Everybody thought he was going to make it.
But the kitty that was tortured and nailed to a utility pole in Henry County this week is gone now. Maybe it’s best for the little guy.
Three days after Andrea Bristol discovered the cat in rural Geneseo, Ill., while driving home from work, she read online that he passed away. And she cried.
Warning: Some may find the following details disturbing.
“It was about 5 (p.m.) Monday, and I was about to turn down my road when I saw something on a pole,” she said. “At first I thought it was a raccoon, climbing down the pole, and I went past it. But then I stopped, because it
didn’t look right to me.
“I backed up, and I realized it was a cat. At first I thought it was stuck on something. But then I realized a nail had been driven into one of its back feet.”
She thought the cat was dead.
“It had blood on its face and mouth, and there were places its hair was missing. I thought someone must have beaten it before it was hung there.”
Then she realized the cat was alive.
“I couldn’t get it down by myself, because I was afraid I would hurt it more.”
She called her sister, who works for a vet. Then she rushed home for blankets and something to get the cat down. She ran into a neighbor who urged her to call police right away, which she did.
In no time at all, an animal control officer and police were on the scene.
“The cat didn’t react at all to me,” she said. “He was hanging lifeless on the pole. After a few minutes, he tried to crawl, but he just collapsed. He barely made a sound, just a whimper. The animal control officer got it down really fast, put it in a carrier and took off.”
At Miller Vet Service in nearby Atkinson, the kitty was given the name Dutch, and staff did what they could to save him.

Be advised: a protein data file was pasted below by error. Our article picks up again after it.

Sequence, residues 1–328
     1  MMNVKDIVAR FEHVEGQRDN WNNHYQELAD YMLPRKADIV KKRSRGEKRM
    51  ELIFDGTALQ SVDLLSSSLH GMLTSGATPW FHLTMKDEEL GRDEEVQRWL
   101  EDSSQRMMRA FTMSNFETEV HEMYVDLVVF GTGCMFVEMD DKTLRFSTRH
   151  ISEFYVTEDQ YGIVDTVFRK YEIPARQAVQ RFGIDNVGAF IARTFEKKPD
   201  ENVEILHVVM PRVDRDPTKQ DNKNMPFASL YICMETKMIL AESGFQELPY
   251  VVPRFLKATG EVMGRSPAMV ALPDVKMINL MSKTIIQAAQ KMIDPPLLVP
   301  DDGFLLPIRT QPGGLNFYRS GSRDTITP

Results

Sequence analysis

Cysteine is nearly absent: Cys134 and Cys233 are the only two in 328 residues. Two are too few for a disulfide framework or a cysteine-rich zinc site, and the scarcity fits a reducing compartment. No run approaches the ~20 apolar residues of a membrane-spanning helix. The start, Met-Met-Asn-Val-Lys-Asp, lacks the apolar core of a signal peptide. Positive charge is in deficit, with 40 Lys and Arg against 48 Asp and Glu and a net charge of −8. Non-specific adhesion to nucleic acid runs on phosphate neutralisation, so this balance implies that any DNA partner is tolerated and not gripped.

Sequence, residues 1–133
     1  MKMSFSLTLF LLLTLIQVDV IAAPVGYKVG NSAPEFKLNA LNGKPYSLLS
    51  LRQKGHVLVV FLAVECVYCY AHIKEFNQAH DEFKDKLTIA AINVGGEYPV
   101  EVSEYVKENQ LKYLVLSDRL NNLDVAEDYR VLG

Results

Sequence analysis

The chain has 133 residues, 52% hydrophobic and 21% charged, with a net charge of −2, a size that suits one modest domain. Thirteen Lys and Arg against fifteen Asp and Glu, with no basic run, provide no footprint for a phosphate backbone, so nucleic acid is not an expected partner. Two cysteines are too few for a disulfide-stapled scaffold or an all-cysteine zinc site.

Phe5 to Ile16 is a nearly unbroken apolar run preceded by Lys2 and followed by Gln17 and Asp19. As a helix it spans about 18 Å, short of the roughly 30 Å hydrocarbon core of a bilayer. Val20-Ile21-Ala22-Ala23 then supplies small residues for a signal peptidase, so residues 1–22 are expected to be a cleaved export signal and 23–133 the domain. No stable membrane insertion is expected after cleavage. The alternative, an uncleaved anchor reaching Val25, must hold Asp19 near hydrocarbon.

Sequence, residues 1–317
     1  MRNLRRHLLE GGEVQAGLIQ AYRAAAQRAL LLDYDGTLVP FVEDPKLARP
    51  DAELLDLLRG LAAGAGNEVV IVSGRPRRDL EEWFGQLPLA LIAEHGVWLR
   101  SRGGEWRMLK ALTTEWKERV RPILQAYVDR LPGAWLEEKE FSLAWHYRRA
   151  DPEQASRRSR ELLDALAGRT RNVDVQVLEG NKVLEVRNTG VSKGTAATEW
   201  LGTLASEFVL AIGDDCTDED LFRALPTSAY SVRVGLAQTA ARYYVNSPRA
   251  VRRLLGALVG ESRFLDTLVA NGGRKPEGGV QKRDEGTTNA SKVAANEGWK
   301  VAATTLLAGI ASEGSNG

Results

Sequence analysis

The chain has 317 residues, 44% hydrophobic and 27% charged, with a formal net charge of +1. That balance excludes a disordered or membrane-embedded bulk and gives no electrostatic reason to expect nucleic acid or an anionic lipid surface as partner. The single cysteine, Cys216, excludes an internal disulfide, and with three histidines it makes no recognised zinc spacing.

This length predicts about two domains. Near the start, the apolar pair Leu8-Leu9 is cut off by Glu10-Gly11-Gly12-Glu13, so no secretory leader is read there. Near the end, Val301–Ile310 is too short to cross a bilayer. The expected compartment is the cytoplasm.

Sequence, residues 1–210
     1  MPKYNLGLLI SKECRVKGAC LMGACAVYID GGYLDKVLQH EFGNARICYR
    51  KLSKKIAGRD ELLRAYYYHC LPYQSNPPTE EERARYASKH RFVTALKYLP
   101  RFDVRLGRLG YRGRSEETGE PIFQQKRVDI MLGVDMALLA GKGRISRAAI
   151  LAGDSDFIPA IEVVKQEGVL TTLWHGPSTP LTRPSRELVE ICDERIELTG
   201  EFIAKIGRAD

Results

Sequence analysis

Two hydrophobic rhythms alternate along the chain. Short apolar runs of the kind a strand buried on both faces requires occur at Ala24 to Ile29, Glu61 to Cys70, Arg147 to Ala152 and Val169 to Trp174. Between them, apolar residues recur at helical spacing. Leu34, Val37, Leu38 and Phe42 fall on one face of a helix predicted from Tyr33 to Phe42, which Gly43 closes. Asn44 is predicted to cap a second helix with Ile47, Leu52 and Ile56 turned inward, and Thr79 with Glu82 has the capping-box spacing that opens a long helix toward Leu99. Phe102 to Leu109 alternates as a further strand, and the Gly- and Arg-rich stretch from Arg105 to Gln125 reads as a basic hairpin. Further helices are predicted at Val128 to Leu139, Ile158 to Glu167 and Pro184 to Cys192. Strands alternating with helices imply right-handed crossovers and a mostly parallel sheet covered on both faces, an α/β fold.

As she stood outside the rural clinic Thursday where Dutch died a few hours earlier, Micki Ogrosky cried, too.
“Another gal from the (Henry County) Humane Society of Geneseo came out last night, and he meowed when he saw her,” she said. “He meowed, went right into her arms and purred.
“That’s one of the most amazing things. He was one of the worst cases of abuse we’ve ever seen, but he still purred.”
It makes you wonder how the little cat found it in himself to trust a human being.
“I just thought horrible, horrible things when I was out there,” Bristol, 30, said of finding Dutch. “I kept thinking it was horrible and disgusting, and someone who lives around me could do something like that.”
She was so upset, she said, she barely slept that night.
“The next day I felt anger,” she said. “I decided to tell everyone I know, hoping someone would know something, and they would find who did it. I have a dog at home, and my neighbors all have pets. I even started to worry about the children.”
She also called to check on Dutch. For a couple of days, it looked like he would survive.
“We thought he was going to make it,” Ogrosky said, tears returning to her eyes. “It sickens me to think anyone could do something like this. We’re all very sad.
“It helps that there are so many people in the world like us — people who are appalled such a cruel and heartless thing was done. We had someone from Michigan who called to adopt him, and we’ve had donations from as far as California.”
The Henry County Humane Society is paying Dutch’s medical expenses, which they do for all stray and abandoned animals in need. They’ve been trying for years to build a shelter, but the money is always needed for the animals’ immediate care, Ogrosky said.
Dutch’s story has been circulated nationally and even internationally. People are responding with outrage and anger.
Henry County Sheriff Gib Cady was shaking his head Thursday, surprised by the response.
“Do you know I’m getting calls from media in Chicago?” he asked. “I’m an animal lover, too, but it doesn’t seem like we get this much attention when a child is beaten.”
He said the county prosecutor will have to decide what charges are filed in the event someone is arrested.
“If somebody actually has knowledge and comes forward … that’s the hope,” he said. “We’ve already invested a lot of man-hours in this. People sure do love animals.”
And don’t you forget it.
Contact Barb Ickes at (563) 383-2316 or firstname.lastname@example.org.